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Should I Finance a Car or Pay Cash in 2018

There are reasons for and against financing a car or paying cash. It can seem like a smart idea to buy a car you can afford to pay cash for. It might also seem like a good idea to bolster your credit by purchasing with financing and paying it off quickly with cash in hand. The good news is: both are smart. The other news? Those aren't the only reasons to choose financing or paying cash.   

The Difference Between Cash and Financing

The major difference between buying with cash and financing a car is in the interest to be paid. Cash payments have no interest added on, obviously, but are limited to the amount of cash on hand. With financing, a monthly payment is made and that includes some interest, which is the profit the financing company makes for loaning the money.    The downside to paying cash is that the limit is where the cash ends. A buyer with $10,000 to spend may only be able to afford an $8,000 or $8,500 car because taxes, registration, and other costs will come over and above the purchase price. That same $10,000 applied to a finance deal as a down payment could mean the purchase of a $20,000 car that is far better than the $8,500 car and with a very low amount of interest because of the large cash payment. Financially, that second scenario can be a win-win.     Flipping that, if the vehicle is the right one and the price is right, then cash is usually preferable. No dealership or seller will balk at the idea of a buyer handing over cash money or writing a verifiable check for a vehicle purchase.    

Understanding Interest Rates

The other question about whether you should be financing a car or pay cash this year is with the interest to be paid. On a loan such as the one outlined above, the interest rate is likely to be very low. A person with a great credit score and plenty of cash to spend is in a far better position than is a person with little money to spend and the same great credit. But there is more at play.    Financially, having money in the bank (savings, invested, etc) is preferable to having money spent. If inflation is at two percent and savings accounts pay out three percent, you'll profit by one percent on your basic savings investment. Other types of investments can boost that much higher. A simple investment that makes about five percent may be equal to or better than the interest being paid on a good vehicle loan.    As an example, a buyer with good credit has $20,000 in the bank as cash on hand. That buyer sees a vehicle they'd like to purchase and makes a deal to purchase for $18,000. Financing the vehicle yields a 2% interest rate loan with a $5,000 down payment and a total interest cost of about $300 plus $100 in fees. Obviously we're using nice round numbers to keep the math simple. Investing the other $15,000 in a long-term savings lock like a certificate of deposit or similar would yield 3% interest, compounding annually. That savings interest totals nearly $1,400 in profit. Clearly paying cash for the car is not the better deal.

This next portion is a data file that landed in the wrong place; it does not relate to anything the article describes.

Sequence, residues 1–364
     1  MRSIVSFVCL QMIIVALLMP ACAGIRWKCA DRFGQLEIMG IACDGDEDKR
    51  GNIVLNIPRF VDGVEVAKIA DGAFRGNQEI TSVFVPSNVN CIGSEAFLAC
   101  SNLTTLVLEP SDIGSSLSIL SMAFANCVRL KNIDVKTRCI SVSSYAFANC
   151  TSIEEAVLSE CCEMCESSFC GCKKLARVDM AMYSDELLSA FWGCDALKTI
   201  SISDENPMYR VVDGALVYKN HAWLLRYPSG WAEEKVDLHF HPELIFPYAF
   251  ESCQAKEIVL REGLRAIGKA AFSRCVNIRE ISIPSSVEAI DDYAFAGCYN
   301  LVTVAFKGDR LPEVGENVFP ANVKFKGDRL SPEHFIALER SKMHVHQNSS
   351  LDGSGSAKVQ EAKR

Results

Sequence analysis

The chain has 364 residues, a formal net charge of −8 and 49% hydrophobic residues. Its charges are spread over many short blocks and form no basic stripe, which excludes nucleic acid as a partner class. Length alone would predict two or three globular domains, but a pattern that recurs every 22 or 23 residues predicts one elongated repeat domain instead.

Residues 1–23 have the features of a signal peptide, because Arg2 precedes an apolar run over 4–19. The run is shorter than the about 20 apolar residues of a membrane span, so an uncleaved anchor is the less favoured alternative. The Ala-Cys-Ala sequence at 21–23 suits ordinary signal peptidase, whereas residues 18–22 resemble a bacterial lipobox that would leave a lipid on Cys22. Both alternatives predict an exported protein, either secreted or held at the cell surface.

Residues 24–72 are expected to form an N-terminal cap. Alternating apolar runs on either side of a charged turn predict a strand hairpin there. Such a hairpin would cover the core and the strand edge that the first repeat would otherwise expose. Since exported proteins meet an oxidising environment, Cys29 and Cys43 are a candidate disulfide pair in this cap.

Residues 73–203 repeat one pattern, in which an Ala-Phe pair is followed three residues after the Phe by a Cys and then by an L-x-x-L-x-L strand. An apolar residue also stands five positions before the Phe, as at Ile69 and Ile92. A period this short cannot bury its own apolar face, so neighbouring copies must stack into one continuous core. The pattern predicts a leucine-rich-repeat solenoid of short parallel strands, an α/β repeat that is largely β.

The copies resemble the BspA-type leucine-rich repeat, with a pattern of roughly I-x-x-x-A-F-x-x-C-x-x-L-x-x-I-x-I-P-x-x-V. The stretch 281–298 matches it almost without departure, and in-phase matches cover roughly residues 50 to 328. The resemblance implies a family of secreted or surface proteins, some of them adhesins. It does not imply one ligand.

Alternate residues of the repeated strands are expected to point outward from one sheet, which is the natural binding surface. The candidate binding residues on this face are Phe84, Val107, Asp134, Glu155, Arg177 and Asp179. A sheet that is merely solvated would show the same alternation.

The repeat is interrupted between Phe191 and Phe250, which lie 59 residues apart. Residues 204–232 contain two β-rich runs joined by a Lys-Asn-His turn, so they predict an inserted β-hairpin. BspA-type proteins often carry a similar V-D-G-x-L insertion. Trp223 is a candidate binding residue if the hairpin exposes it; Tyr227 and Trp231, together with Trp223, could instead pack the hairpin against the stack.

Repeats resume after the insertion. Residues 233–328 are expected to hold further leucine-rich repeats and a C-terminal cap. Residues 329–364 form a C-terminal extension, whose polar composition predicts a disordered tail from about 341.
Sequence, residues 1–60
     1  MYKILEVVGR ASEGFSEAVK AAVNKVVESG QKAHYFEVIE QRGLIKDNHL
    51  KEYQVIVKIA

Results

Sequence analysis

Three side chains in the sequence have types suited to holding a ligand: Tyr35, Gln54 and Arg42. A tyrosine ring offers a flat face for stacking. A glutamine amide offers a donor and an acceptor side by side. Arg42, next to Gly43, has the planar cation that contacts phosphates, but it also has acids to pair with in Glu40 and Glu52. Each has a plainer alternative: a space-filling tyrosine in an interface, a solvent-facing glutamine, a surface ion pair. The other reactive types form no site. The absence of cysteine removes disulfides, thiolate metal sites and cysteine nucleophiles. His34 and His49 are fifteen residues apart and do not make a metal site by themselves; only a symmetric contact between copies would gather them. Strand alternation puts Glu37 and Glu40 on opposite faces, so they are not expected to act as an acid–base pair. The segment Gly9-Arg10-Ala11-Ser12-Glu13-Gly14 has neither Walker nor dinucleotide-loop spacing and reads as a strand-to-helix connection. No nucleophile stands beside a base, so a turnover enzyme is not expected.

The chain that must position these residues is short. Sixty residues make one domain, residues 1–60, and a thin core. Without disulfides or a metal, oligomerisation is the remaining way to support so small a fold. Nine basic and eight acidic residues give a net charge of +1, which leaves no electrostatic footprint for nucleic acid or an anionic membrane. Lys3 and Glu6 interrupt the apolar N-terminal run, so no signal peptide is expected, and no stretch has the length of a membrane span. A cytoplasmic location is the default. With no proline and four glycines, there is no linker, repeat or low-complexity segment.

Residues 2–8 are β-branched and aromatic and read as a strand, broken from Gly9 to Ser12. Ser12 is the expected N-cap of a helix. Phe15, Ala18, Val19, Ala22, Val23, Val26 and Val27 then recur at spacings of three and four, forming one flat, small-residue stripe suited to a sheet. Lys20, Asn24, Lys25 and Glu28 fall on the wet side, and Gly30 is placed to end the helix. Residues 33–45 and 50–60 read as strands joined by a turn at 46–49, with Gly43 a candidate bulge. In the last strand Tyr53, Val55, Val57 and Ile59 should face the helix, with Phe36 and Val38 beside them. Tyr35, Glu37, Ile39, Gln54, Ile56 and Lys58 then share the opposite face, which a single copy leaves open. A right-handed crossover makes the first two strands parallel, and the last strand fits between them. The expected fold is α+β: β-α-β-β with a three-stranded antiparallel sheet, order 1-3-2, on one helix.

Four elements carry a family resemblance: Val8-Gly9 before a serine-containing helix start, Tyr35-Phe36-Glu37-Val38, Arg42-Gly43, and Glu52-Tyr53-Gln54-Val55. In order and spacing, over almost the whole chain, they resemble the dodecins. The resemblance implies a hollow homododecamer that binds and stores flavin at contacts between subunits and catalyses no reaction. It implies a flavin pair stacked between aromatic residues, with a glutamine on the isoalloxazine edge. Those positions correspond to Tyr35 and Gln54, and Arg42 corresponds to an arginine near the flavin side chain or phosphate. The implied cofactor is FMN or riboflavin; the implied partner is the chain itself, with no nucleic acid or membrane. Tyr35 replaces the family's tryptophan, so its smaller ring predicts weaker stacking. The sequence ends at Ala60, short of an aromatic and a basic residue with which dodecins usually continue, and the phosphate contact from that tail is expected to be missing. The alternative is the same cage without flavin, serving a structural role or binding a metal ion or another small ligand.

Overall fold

Building Credit

In another instance, a buyer may have cash in hand and be ready to purchase a car, but have little or no credit. Or even bad credit. Using the cash in hand as collateral at a bank, the buyer could facilitate a loan for the vehicle's purchase and pay it over time using the savings in hand. This would cost the buyer money in interest terms, but would go a long way towards building or rebuilding credit.    

Clearly, there are many reasons to consider financing over paying cash for a vehicle purchase. Making the decision on financing a car or pay cash is not always straightforward. Here at Faraz Auto Sales, we can help you decide your best option for a vehicle purchase.  
Categories: Finance